What if you woke up every morning in a new body? One morning you are a white teenage boy; the next, a sixteen year-old Asian-American girl. You wake up in the body of a clinically depressed girl who wants to commit suicide, or a boy whose beloved grandfather who has just died. You may be gay, straight, desperately underfed, or morbidly obese. Each morning, you check in with your host, accessing the facts of your new situation. It’s been like this your entire life, and you’ve learned to live in the body of strangers, always your age, one day at a time. Never get attached, don’t interfere, and try not to screw up your host’s life.
That is the premise of “Every Day,” by David Levithan (Knopf Books for Young Readers, 2012). As the book opens, A (the name the character has given him/herself) wakes up in the body of Justin, a handsome but selfish jerk. A meets Justin’s girlfriend, Rhiannon, and A’s rules for living fly out the window. Because A has fallen in love—and wants to be with Rhiannon every day.
In the days that follow, A finds ways to see Rhiannon when possible. (One of the quirks of A’s condition is that his/her soul can’t travel across long distances. The only way A can move from one part of the country to another is when that day’s body goes on a trip—which poses a big problem the day one host is supposed to fly to Hawaii for a wedding.) It takes some doing, of course, to convince Rhiannon that A jumps from one body to the next on a daily basis. But she does, and then she’s faced with the dilemma: can you be in love with a single person who inhabits a different body every day?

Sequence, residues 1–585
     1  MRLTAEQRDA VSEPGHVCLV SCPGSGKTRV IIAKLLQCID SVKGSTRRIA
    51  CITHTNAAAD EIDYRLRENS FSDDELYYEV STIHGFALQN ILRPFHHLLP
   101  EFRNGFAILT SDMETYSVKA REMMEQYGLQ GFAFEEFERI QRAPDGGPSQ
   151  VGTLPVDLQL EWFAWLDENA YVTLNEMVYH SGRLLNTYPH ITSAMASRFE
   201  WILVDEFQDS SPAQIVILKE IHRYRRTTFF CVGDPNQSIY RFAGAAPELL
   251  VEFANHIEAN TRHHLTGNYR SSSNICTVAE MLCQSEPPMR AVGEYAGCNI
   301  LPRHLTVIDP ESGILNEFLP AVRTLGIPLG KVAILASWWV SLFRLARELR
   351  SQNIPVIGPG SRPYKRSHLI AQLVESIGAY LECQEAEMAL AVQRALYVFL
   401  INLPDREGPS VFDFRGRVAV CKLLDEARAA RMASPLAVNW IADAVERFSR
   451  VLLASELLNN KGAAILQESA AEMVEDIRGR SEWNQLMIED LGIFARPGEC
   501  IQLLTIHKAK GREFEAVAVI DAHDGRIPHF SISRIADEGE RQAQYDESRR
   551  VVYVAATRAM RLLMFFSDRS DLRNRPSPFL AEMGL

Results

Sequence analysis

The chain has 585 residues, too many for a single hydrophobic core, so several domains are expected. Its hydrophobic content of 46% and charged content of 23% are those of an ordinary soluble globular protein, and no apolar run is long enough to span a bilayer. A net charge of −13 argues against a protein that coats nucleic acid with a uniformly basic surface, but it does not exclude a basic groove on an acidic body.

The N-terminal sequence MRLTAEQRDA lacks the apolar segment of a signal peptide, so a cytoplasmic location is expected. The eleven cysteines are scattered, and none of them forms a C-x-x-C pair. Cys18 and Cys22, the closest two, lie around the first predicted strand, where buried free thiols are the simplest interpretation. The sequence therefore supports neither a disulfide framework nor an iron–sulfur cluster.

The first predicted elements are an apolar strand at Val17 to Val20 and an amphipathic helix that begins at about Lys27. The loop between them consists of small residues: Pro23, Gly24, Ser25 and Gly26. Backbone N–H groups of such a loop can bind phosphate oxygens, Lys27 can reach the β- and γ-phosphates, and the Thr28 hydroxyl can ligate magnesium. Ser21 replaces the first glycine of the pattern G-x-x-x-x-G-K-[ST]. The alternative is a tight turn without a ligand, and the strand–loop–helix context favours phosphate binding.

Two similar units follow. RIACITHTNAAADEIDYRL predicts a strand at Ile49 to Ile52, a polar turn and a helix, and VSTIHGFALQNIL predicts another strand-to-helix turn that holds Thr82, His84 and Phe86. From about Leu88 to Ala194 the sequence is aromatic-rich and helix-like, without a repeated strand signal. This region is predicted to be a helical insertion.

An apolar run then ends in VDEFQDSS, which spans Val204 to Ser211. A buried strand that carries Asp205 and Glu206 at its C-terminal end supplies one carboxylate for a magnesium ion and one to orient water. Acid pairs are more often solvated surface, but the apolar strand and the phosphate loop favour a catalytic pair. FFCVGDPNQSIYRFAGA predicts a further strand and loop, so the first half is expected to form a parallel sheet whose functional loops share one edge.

“Every Day” is a love story, but it also raises provocative moral and philosophical questions. How do attributes like race, gender, sexuality, or class define us? A particularly likes and identifies with host body Vic, who is “biologically female, gendered male. Living within the definition of his own truth, just like me. He knows who he wants to be. Most people our age don’t have to do that. They stay within the realm of the easy.”
Need I add that Levithan writes like an angel? He pulls off his implausible premise with aplomb, and the ending is both bittersweet and satisfying.
This review was originally published in Sunday, September 9, 2012 edition of The News-Gazette.